Friday, 31 August 2012

Stubbornly unholy brutalist: church architecture today


Cathedral christ light som220109 th 0

Which of the above churches looks more aesthetically appealing to you? The top or the bottom one? If you answered ‘top,’ kindly move along as you will at best find offence in what follows. If, however, your answer was ‘bottom,’ please, come with me on a brief journey of ‘I can't believe they said that!’

The church at the top happens to be the Co-Cathedral of the Sacred Heart in Houston while the bottom photo shows the Cathedral of Christ the Light in Oakland. Now, why did I pick these two churches for the following rant? The choice was far from random and was in fact motivated by an article published two days ago by an ‘architectural theorist,’ ‘the author of many books.’ At first I hoped to learn something interesting from reading it, but instead it just made me outraged at the pure nonsense of the views it propounded.

In summary, the article’s author argues in favor of the traditional (yet to the author ‘innovative’) Houston [co-]cathedral, which provides “[h]armonious ornamentation achieved through multiple symmetries [that] nourishes our senses and creates in us a healing state.” The style is even likened to Viennese Secession! [Wagner and Olbrich are spinning in their graves ...]

Instead, the Oakland cathedral is an exercise in technocratic self indulgence, failing to provide a “traditional church volume” and opening itself to criticisms like the following: “Why are the wooden slats horizontal instead of vertical? Are we not trying to connect vertically to the universe, to transcend the materiality of this building so that our souls can rise upwards?” Aside from the obvious counter arguments of why bricks or stone slabs in churches built in the past are not positioned vertically but instead horizontally, I find the idea that the orientation of wooden slats can inhibit transcendence preposterous and trivial (reminding me of the tin foil hats worn by those afraid of having their minds intercepted). Let us take a look at the interior of the Oakland cathedral to get a first hand feel for its potential to enable a rising up of souls:


And for comparison let's also look inside the Houston Co-cathedral:

Dsc 0001

If you’ve read this far (and are not doing it just to raise your blood pressure), then the above needs no explanation.

Then there are also those “stubborn asymmetries,” “the use of brutalist concrete[, which is] fundamentally unholy [and does not] conveyed a love for the Creator,” and not being “appropriate for housing the timeless truths offered by religion.”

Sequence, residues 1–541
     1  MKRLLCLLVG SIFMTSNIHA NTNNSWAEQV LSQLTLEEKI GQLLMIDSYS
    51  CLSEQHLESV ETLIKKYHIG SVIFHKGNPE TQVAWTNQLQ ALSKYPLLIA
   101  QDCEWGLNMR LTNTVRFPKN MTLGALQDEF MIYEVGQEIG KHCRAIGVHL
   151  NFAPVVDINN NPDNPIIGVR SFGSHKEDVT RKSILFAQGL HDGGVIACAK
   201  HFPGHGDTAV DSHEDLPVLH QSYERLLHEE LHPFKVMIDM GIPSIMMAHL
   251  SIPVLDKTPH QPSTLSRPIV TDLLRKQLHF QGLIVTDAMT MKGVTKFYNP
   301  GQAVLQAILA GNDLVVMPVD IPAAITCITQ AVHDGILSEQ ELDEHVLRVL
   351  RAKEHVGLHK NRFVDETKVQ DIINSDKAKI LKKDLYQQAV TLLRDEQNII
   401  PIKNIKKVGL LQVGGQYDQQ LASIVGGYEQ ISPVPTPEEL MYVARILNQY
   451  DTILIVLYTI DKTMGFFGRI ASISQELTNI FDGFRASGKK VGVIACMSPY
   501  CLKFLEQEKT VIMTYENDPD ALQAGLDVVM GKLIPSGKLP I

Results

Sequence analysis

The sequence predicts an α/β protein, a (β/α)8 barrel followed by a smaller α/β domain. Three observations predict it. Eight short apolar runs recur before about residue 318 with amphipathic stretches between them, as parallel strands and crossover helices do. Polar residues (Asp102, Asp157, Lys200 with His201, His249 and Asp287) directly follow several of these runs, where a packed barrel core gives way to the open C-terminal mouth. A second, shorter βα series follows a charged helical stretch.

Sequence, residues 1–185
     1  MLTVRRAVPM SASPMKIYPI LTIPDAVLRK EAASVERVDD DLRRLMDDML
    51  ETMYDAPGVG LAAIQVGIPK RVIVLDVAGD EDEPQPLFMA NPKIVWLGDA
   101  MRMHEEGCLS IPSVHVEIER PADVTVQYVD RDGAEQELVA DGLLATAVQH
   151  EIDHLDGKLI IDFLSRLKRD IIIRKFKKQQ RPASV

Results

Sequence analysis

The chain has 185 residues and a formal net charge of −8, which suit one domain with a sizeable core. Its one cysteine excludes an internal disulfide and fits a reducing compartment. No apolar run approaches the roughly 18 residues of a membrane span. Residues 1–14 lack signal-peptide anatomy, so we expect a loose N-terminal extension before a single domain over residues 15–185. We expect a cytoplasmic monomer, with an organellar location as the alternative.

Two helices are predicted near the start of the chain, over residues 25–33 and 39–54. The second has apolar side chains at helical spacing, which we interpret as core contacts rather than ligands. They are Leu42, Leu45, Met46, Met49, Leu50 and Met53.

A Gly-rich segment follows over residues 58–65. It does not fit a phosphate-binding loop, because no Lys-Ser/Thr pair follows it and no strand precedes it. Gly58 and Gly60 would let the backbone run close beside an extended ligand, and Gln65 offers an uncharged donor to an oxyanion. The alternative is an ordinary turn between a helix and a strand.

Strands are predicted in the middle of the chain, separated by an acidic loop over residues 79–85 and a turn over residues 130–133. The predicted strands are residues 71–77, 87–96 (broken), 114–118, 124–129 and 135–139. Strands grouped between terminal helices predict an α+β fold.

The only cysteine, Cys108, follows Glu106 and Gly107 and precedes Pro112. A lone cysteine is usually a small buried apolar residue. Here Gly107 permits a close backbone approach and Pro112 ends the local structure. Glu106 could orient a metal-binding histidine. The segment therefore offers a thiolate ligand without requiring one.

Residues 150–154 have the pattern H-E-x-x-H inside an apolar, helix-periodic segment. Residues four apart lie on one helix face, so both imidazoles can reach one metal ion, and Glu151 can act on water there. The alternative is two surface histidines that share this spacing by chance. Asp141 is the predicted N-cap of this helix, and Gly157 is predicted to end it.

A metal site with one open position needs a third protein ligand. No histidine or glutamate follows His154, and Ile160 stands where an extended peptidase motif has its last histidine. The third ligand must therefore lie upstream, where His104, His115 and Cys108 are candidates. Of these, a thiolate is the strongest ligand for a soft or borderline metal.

Wow! Not only does the author not like the Oakland cathedral, but considers it unholy and inappropriate! I couldn't disagree more and am baffled by his credentials.

First, let me get one point out of the way: I am grateful for the existence of both buildings since they provide spaces where the Church (i. e., people) can meet to build a community, celebrate mass and house the Eucharist. That is not what this rant is about.

Second, let me challenge the conclusions of the article on theological grounds. Christianity is an incarnate, living, historic religion where it's “timeless truths” are timeless in substance but very much temporally incarnate in form! Since the person of Jesus, the Church has been a body with spatio-temporal location, evolving its understanding and putting into practice of the revelation Jesus brought. How can it therefore be claimed that there are some ancient, preferred church architectures rather than a preference for using the best of contemporary architecture?! Weren't the Hagia Sophia, the Antwerp cathedral and the Sagrada Familia all children of their times? Should church architecture have stopped at the catacombs? I find this kind of thinking as incongruous as that of Catholics who want to cling onto tradition as it was in the early 20th century (but why then?!). Authentic tradition leads up to the now and is the fruit of the Holy Spirit’s continuing life in the Church.

Third, let me argue that the Oakland cathedral is aesthetically vastly superior to the Houston one. Just look at them! The former looks like the result of inspiration meeting taste, while the latter seems to me like a conveyor-belt, Disneyfied knock-off. I guess you either see that or not ...

Apologies if this was too harsh, but I couldn't let a piece like that just go. Not only are there plenty of ‘Catholic’ voices out there that make us seem like fools, but also fools without taste, like the one I tried to respond to here.